1899 American Metropolitan Steam Engine

1888 American Metropolitan Steam Engine

The 1899 American Metropolitan is similar to our 1903 Steam Pumper except that it is one size bigger and four years older. It was also built at a different plant, the old Ahrens Fire Engine Company in Cincinnati, Ohio. The 1903 Metropolitan was built at the Seneca Falls plant in New York. The Ahrens Fire Engine Company merged into the American Fire Engine Company.

This apparatus served the Los Angeles Fire Department from 1899 to 1921. This fire engine made the last Los Angeles City horse drawn run in June of 1921!

From 1899 to 1907 it served as Engine Company 3 for the City Fire Department. It then went to Engine Company 5, and in 1919 it ended up as Engine 24. This steam engine produced between 900-1000 gallons of water per minute, and would have been pulled by three horses.

The fire engine was put in reserve in June 1921, and was sold in 1924 to MGM Studios. This was also used in the movies, like our 1903 American Metropolitan. Hello Dolly and Old Chicago were a few of the movie pictures that this was used in.

This was sold along with all the horse drawn and other vehicles that MGM owned, fire engines, gatling guns, milk wagons, vegetable wagons, stage coaches, cannons, etc. to Melody Ranch. Phil Rutherford and his father, through the Melody Ranch, turned around and rented the same equipment back to the studios.

It ended up in the hands of Phil Rutherford when Melody Ranch dissolved. The Los Angeles County Fire Museum Association became aware of this engine in 2000 and went to visit Phil at his barn in Brawley, California. In the barn there was not only this steam engine, but another Los Angeles Fire Department steam engine and a horse drawn hose wagon. The engine was covered in a heavy layer of dirt, dust, and cobwebs. But even so, it was an amazing site to see them sitting there in such amazing condition, so complete, and so original.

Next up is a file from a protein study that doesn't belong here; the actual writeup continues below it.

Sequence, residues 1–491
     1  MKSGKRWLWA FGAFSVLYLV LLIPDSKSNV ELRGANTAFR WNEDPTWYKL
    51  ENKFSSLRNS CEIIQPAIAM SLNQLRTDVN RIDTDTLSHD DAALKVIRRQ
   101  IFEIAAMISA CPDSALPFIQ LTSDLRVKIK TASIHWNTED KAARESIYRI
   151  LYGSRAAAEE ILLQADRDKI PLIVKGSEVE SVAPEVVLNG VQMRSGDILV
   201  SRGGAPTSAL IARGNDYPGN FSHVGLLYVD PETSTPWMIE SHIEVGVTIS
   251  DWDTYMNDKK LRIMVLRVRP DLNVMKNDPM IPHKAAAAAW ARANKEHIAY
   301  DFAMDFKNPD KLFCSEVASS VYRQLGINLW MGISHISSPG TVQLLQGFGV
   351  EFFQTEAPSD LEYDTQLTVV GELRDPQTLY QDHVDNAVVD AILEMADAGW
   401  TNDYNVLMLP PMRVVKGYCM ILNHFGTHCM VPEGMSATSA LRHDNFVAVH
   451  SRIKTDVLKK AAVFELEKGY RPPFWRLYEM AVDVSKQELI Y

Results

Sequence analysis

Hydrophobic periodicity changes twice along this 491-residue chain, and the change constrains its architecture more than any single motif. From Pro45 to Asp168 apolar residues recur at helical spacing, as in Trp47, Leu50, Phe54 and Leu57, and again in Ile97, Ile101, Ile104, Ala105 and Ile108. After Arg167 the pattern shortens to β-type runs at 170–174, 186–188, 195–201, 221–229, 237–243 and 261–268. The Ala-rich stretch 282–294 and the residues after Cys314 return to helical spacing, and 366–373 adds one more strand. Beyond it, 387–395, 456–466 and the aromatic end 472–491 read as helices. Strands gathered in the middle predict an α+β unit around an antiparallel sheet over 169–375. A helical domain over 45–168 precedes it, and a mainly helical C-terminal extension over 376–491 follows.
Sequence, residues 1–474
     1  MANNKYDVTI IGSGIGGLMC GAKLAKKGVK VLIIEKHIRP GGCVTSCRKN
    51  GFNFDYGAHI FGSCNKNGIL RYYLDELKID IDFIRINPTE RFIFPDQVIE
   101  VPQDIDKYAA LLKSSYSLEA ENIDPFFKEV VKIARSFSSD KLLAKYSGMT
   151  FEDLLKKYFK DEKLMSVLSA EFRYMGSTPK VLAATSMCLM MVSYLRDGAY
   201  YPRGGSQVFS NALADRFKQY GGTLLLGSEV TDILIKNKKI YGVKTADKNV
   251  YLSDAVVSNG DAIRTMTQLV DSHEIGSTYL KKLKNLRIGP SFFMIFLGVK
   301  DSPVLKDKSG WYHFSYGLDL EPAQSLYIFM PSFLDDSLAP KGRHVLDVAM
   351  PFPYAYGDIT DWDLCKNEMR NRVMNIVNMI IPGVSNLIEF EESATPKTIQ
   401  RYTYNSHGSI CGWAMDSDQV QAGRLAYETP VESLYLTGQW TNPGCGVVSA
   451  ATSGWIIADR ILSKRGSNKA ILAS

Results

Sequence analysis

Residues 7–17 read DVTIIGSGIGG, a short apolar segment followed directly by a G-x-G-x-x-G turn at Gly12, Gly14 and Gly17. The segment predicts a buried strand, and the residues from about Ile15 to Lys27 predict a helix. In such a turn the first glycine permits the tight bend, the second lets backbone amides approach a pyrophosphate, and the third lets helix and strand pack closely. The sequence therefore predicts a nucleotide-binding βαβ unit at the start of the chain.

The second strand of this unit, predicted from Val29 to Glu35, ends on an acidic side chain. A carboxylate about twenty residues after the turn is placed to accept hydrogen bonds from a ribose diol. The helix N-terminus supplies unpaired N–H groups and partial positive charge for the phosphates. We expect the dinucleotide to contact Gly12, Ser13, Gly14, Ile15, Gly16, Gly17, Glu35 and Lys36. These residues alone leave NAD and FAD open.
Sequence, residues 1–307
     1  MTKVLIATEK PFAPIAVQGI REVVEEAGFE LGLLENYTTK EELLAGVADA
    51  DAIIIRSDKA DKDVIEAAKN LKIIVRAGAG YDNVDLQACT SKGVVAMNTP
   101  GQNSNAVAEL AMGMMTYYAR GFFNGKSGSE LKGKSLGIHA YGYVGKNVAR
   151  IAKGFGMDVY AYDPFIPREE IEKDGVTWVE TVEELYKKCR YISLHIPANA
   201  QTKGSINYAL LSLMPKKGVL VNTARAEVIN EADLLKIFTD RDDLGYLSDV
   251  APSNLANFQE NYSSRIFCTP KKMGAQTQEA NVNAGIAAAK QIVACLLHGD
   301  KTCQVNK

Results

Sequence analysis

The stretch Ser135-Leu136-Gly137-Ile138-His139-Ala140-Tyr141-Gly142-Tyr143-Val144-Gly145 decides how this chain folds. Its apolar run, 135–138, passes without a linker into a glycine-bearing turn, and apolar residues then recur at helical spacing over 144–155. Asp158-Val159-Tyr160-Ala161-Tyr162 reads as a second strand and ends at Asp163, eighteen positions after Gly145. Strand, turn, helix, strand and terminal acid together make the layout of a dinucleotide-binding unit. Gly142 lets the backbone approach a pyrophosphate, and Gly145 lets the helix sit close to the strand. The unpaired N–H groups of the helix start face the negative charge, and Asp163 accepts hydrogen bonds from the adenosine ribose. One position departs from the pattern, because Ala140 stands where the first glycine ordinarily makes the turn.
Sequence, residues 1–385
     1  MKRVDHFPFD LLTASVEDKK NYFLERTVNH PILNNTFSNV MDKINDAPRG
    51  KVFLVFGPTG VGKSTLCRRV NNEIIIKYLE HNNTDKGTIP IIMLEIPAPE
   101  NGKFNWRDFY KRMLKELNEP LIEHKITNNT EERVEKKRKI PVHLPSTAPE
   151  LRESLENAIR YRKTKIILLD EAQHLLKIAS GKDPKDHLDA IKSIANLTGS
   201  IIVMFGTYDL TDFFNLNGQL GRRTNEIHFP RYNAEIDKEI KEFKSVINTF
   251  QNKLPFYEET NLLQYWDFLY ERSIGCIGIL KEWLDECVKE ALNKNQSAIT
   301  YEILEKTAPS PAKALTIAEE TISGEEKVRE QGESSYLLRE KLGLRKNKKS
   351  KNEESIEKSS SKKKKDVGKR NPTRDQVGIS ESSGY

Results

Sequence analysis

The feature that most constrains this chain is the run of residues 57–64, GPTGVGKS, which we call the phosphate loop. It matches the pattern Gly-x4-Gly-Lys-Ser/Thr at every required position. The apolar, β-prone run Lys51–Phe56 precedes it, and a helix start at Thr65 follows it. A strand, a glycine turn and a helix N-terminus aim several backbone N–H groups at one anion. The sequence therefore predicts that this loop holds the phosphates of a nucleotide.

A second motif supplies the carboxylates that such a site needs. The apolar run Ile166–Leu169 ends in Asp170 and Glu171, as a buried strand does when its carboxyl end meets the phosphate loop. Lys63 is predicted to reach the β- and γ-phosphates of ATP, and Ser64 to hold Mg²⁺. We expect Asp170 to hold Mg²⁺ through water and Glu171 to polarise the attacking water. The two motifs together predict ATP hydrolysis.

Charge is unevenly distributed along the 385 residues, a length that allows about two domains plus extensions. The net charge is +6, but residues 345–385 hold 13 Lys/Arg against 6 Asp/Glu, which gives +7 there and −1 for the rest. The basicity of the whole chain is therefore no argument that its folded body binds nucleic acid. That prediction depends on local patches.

The other steam engine and the hose wagon were not in nearly as good of shape, but a deal was struck and all three pieces were purchased, and all are now on display at the Museum. This steam engine was missing its seat, so we had to have one fabricated, and we had to reproduce the original steam nozzles, called play pipes. We also had to find a bell to replace the one missing, and a steam whistle.

Otherwise, we found the original tools sitting in the toolbox, hanging on the frame near the boiler was the original style torch that was used to light the boiler when you were ready to go to work. There was still coal in the coal box and still coal in the firebox in the bottom of the boiler in this engine.

This is really an amazing piece. We plan on doing a frame off restoration on this when possible to return it back to its original and operational condition.

From the Ohio Memory Collection:
Ahrens Fire Engine Company was established in Cincinnati in 1868 by Chris Ahrens, a German immigrant who had worked at A. B. & E. Latta’s Buckeye Works, a Cincinnati factory that built one of the first steam-powered fire engines, the Uncle Joe Ross, in 1852. Ahrens bought out the company in 1868 and changed the name to C. Ahrens and Company. In 1891 the firm merged with three New York companies, Silsby, Button, and Clapp & Jones, to form the American Fire Engine Company. The merger did not last, and Ahrens left in 1905 to form the Ahrens Fire Engine Company. After becoming Ahrens-Fox Fire Engine Company in 1910 the company continued to produce innovative fire engines in Cincinnati until 1949.

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